Grover Bell
Courtesy of Carroll Gray
Webmaster of Early Birds of Aviation
Referred by David Llorente, 1-13-05
Gift of Reckoning/Llorente

from an email message from Chris Brewer, 10-30-02
     About 1911, Grover Bell kept in an aeroplane in a barn on Ocean Park Boulevard. Bell involved L. Morton Bach in the upkeep of the craft and the youngster often helped Bell push the plane to a dirt road, which at the time had few homes. The pilot used the dirt road as a runway and on one occasion, Mr. Bell offered the boy a ride. Morton had to sit on the leading edge of the wing and hold on tight. When interviewed later, Morton expressed no concern for a lack of safety equipment on his first flight. The dirt road eventually evolved into Pearl Street.

     If you search for "Grover Bell +aviation", using the Google search engine, (1-14-05), you will find about six links. Perhaps the most helpful are the following.
     This edition of The Pacific Coast Air Museum, VOl. VI, No. 7, July 2001, offers this brief mention of the death of Grover.
     What is not mentioned in the referenced books is the Martin Company’s contracted 4th of July flying exhibition in Petaluma, where chief pilot Grover Bell was killed in the crash trying to avoid a band of horses romping in the Kenilworth Park landing site. Nor is the fact that at the same time Glenn was plunking his hydroplane into Lake Michigan with a passenger aboard. (related in “The Sonoma-Bell Connection” in the April 2000 Straight Scoop)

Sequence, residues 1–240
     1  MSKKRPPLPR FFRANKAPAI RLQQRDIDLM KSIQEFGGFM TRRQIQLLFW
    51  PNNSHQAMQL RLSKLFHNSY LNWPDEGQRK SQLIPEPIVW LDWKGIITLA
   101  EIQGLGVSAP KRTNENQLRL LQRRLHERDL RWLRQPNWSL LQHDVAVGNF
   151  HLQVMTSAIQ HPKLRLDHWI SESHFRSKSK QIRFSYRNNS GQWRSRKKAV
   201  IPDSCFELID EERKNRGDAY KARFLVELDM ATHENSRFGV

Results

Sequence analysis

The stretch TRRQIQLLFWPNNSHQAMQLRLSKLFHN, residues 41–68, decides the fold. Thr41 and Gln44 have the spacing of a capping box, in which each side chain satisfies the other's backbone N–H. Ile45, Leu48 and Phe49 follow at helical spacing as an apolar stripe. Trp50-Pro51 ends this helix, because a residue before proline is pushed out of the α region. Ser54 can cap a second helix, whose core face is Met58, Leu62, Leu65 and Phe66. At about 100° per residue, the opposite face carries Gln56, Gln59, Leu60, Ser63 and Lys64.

You can access this article by clicking on the title above. You may want to use the "Search" function on "Grover Bell" to locate the item in the article. This pdf file may take some time to load.
     This page on the Vertical Flight Society website offers a description of the award as follows:
     "This award is given to foster and encourage research and experimentation in helicopter development to the person or persons making an outstanding contribution to the field during the preceding calendar year. The award consists of a 3-inch gold medal bearing the profiles of Lawrence and Grover Bell, a certificate, and a $250 honorarium."
     Included is a listing of recipients of the award from 1957 to 2004. You can access the page by clicking on the title above.

Grover Bell was killed in a crash on July 4, 1913.

Editor's Note:
If you have any more information on this Early Flier,
please contact me.
E-mail to Ralph Cooper

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